Psalm 73.2-3
But as for me, my feet had almost slipped;
   I had nearly lost my foothold.
For I envied the arrogant
   when I saw the prosperity of the wicked.

Reflection: Greed and Envy
By John Tillman

The psalmist, is thrown into doubt and pushed to the limits of his understanding by the inequality he sees in the world.

Inequality is a double-edged sword.

One edge is called envy. It is dulled from overuse and makes up for being unsharpened with a harsh, serrated edge. It saws at its victims rather than slices them.

One edge is called greed. It is sharp and quick, and drips with an anesthetizing coating. It slices to the bone, yet victims hardly feel pain. Most don’t realize they have been wounded or don’t realize its severity.

The psalmist is cut by the edge of envy and the wound grieves him. How can God be just if wicked people are so prosperous? How can God be caring if those he loves suffer? But as he pursues God in worship, he comes to understand the other side of the sword.There are traps here for all of us.

The trap the psalmist escapes is to mistake stored up justice for absence of justice.

The wealthy who ignore the poor are not escaping justice and we are not responsible or qualified to carry out justice.  We are not to eat the rich, but the bread of life.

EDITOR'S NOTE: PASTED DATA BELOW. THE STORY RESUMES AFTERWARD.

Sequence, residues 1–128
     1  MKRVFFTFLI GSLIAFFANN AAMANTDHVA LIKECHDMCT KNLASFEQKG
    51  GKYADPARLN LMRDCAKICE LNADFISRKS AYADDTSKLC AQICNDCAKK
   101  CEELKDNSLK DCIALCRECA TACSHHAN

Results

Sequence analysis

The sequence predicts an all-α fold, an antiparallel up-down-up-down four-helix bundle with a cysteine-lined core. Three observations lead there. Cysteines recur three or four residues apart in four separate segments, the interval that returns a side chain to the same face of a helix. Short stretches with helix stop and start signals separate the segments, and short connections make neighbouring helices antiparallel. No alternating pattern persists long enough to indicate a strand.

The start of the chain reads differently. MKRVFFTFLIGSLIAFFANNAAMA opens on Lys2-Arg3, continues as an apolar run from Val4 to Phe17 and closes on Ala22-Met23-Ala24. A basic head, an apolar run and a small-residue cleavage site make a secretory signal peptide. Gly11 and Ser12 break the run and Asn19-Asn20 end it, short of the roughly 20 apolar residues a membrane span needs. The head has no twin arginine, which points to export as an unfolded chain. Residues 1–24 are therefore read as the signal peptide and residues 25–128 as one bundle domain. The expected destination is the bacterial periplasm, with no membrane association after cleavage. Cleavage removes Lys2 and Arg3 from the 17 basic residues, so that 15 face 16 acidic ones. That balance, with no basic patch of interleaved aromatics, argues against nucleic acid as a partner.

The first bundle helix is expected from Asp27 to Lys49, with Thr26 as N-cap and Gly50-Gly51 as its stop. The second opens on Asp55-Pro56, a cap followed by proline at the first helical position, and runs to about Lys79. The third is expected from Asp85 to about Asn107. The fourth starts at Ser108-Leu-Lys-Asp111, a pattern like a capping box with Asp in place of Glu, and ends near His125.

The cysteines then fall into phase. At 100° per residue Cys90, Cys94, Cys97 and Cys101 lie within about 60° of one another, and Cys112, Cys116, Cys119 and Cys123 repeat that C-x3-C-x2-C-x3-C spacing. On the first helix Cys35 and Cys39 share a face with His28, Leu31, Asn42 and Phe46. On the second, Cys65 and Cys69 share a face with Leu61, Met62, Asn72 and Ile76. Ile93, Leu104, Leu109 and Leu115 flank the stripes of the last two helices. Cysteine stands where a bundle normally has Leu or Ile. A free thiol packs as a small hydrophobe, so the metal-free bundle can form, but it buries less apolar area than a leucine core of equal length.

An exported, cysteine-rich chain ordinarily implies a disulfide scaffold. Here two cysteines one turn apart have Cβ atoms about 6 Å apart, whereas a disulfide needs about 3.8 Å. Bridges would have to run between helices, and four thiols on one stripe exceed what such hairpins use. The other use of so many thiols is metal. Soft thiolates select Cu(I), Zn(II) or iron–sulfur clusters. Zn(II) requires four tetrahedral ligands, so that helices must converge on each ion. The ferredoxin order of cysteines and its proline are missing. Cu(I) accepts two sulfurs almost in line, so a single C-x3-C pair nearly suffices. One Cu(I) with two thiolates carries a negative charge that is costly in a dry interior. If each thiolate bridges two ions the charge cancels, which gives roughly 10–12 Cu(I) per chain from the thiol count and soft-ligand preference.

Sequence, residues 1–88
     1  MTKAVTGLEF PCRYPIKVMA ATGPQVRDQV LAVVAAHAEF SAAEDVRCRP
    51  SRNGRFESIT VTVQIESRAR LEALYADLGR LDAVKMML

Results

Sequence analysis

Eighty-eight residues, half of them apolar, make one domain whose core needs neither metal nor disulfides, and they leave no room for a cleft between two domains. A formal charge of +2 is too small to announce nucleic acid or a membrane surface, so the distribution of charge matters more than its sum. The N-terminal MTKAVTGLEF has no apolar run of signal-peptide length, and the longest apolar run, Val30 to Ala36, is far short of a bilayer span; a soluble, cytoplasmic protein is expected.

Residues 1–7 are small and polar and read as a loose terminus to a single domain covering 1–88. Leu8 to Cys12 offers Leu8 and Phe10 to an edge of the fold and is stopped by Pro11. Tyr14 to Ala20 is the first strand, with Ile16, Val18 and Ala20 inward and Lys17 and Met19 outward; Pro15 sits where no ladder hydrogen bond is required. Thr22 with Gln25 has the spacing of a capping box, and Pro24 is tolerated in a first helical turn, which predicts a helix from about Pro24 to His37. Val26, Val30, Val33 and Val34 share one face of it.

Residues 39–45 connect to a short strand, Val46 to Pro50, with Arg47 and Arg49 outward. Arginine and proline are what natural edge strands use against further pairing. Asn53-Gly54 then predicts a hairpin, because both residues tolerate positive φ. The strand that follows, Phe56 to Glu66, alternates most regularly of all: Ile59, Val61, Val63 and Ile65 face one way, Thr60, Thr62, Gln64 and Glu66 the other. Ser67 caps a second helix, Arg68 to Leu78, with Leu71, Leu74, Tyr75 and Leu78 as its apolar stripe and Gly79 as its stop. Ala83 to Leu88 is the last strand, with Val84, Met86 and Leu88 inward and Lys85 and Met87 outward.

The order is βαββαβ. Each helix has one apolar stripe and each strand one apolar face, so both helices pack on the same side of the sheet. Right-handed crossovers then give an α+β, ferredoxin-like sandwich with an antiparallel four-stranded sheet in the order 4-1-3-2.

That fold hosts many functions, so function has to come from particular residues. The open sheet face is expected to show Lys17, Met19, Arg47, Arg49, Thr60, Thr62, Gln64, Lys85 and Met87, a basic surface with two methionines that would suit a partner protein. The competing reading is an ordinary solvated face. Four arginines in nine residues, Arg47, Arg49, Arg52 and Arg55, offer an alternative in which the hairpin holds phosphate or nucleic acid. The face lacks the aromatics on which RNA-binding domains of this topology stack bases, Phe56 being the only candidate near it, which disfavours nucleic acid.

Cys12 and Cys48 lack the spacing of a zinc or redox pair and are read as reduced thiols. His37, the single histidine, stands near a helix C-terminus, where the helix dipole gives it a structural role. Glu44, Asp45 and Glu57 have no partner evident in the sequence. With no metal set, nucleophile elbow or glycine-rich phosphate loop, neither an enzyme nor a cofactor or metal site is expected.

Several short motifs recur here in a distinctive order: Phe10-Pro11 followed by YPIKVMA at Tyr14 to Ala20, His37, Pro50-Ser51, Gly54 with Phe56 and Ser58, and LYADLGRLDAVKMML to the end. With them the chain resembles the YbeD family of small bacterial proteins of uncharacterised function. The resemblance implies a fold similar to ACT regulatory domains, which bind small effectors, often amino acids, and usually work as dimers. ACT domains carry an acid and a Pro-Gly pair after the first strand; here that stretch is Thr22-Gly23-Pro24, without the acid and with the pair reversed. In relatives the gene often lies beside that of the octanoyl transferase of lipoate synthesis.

The trap for the wealthy, is to think that we are not that wealthy, or that the poor are not that worthy. After all, those richer than we are should do the heavy lifting of caring for the poor, shouldn’t they? And too often we think that poor is a synonym for lazy. We think we are prudent, not greedy—responsible, not cruel.

(And as to whether the poor are undeserving, there could not be a more apt description of us, when Christ gave all he had to cancel our debt of sin.)

Psalms like this have, at times, been used to shush protesters. “Don’t be so angry. Just preach the gospel and rely on God.” This pie-in-the-sky kind of cold comfort ignores one of the frequent commands of scripture—that the powerful must care for the weak and God will hold them to account.

May we humbly seek the conviction of the Holy Spirit. It is in Christ that we will find the compassion to overcome our cynicism and the generosity of spirit to overcome our jealousy and greed. And may we never doubt God’s goodness based on earthly evil.

When men doubt the righteousness of God, their own integrity begins to waver. — Charles Haddon Spurgeon

Prayer: The Call to Prayer
Bless the Lord, O my soul, and all that is within me, bless his holy Name.
Bless the Lord, O my soul, and forget not all his benefits. — Psalm 103.1-2

– From The Divine Hours: Prayers for Springtime by Phyllis Tickle.

Today’s Readings
Numbers 29 (Listen – 5:05) 
Psalm 73 (Listen – 2:56)

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